Trevor’s Week: Drivers are causing suffering to gulls

Baby duck
Baby duck

We were called out by Peacehaven Community College for the second time in two years, as a mother duck keeps nesting in a courtyard in the centre of the school which they can’t get out of.

Last year we were able to leave them along and they flew without any intervention but this year they nested late, as most wildlife has, and they were not going to be able to fly out before the school closed for the summer break, so rather than see then starve we decided to step in and move them to a new home.

The staff at the school normally feed and water them and have little pools for them to swim in and paddle but with the school closing they would clearly would not survive. So they were rounded up along with mum and taken along the road to the Valley Road Ponds at Newhaven where they have now settled in nicely.

The seven ducklings found wandering on South Road, Hailsham last week are doing very well. They are much bigger and we are moving them to an outside pen this week.

We have had at least five road casualty gulls in the past week which have been run over on purpose by motorists aiming for and not slowing down for fledgling gulls. If you are one of them you are sick!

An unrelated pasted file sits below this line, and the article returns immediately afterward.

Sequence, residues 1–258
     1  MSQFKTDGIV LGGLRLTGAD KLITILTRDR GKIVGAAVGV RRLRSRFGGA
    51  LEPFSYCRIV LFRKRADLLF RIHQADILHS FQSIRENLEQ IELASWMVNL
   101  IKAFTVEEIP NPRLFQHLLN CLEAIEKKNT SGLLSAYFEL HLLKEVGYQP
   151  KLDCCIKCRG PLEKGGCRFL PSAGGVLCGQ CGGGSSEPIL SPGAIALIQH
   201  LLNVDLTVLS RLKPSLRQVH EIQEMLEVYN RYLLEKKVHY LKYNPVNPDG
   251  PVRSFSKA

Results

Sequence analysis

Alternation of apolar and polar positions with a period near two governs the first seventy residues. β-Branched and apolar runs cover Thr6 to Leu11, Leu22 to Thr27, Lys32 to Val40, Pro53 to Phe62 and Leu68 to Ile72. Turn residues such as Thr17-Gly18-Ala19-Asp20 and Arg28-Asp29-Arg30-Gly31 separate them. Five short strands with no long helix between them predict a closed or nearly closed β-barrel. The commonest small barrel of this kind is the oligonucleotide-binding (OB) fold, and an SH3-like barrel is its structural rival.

If you see anyone aim for and purposefully run over a gull or in fact any animal please phone the police as they are causing unnecessary suffering by doing so.

Try to remember to take the registration number. If you have netting on your building please remember that you have a legal responsibility to maintain it and deal with anything which becomes trapped in it.

Any trapped animal or bird has the same rights as a captive animal under the Animal Welfare Act so it must have freedom to move, have access to food and water, if the owner of a building does not deal with the trapped bird within a reasonable period of time after being informed, they can be prosecuted.

If you notice a bird trapped in netting speak to the people in the building but if they don’t deal with the trapped bird within a reasonable period of time you can report them to the police and the RSPCA.

Little Frank, a Collared dovelet, came into care this week, found down on the ground at a farm, his crop was totally empty and he was telling us in no uncertain terms that he was starving. A real little character this one. He is doing well and Kathy has had him at home to building him up slowly.